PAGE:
They expect to complete the task by November.
The delay in mapping Austria comes because of the country's strict privacy laws and the service available has had to be specially adapted and there will be only stills and no videos.
It's 10 years of Google Street View. 10 years later and Austria still does not have it.— Armin Ronacher (@mitsuhiko) June 3, 2017
Google debuted its Street View project in 2007 and now has 360-degree images of cities all over the world.
But Austria and Germany were the two exceptions in Europe. Both have strict privacy laws, a reaction to the Nazi era when the Gestapo invaded individual citizens' privacy in their obsessive hunt for "enemies of the state."
In 2010 Google began rolling out the service in Austria and Germany but had to stop because of concerns over alleged privacy breaches. The photographs are processed at Google's headquarters in California, where faces and registration plates are automatically pixelated.
But Austria and Germany have been reluctant to grant Google access because of fears about how the images and other data might be used.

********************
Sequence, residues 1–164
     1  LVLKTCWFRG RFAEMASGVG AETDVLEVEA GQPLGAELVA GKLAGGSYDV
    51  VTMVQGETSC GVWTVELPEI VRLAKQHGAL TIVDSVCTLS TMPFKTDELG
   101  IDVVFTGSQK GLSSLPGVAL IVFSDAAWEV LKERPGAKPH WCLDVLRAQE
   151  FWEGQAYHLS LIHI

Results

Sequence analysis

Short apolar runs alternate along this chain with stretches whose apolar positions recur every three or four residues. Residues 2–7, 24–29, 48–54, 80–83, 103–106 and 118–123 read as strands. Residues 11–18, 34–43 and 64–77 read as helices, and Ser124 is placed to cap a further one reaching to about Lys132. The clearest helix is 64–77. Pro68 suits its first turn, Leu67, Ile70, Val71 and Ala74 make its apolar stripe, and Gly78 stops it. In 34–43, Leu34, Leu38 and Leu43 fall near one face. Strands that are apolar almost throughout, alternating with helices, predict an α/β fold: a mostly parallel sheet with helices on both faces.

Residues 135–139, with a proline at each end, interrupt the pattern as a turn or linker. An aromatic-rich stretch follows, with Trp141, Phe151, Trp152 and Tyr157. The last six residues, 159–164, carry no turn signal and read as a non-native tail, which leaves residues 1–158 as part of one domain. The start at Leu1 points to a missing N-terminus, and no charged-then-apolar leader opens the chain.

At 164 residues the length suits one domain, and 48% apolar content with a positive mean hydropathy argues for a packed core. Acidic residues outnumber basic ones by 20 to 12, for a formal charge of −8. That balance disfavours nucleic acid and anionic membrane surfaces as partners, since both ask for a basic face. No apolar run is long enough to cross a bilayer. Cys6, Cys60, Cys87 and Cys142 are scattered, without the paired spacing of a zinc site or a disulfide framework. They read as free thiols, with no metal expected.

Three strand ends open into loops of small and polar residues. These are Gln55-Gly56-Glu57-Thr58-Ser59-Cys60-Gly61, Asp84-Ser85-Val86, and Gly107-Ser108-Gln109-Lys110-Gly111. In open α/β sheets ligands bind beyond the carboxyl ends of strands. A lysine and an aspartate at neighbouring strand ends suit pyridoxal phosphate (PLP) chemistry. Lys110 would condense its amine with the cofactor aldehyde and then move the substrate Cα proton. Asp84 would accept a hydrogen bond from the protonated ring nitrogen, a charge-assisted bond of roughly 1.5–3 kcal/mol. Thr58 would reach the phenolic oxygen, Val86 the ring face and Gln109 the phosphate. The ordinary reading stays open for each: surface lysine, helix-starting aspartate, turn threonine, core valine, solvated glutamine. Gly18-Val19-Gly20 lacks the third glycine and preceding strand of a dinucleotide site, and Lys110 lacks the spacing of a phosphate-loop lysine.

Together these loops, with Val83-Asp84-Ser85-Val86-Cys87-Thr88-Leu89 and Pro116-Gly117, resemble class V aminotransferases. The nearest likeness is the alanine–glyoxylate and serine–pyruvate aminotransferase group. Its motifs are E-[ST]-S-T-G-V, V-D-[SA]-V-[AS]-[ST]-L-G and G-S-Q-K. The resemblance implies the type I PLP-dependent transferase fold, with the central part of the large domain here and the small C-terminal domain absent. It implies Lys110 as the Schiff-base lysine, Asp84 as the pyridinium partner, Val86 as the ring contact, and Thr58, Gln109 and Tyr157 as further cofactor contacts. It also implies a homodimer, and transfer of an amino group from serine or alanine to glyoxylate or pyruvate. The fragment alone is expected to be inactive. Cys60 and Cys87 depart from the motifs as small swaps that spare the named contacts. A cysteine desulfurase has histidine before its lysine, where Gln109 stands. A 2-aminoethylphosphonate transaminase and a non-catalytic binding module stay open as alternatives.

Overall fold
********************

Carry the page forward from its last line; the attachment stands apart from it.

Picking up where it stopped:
Google admitted its vehicles had accidentally recorded personal data from wireless networks.
Eventually the legal problems were removed and Austria later lifted its temporary ban but it is only now getting round to completing the Street View scene.
"The official launch of Street View in Austria is expected to happen in six to twelve months," said Google Austria spokesman Wolfgang Fasching-Kapfenberger.
The service is also only patchy in Germany, where Google has also agreed to give residents and businesses the right to pixelate out their entire frontage.
A handful of other countries around the world do not allow Google Street View, including China and North Korea.
But there seem to be far less legal problems in space.
To mark the anniversary of the first manned mission landing on the moon in 1969, Google Street View and NASA have launched the ISS tour.
"We have mapped all over the world and we really wanted to see where we could go, so why not space?" said Google's Matthew Potter.
"Every component had to be flown on a space shuttle or rocket and constructed and connected in space, and it had to be done with such precision that it formed a hermetic environment to support life. That is an engineering marvel that people should care about and know about," said Google's Alice Liu.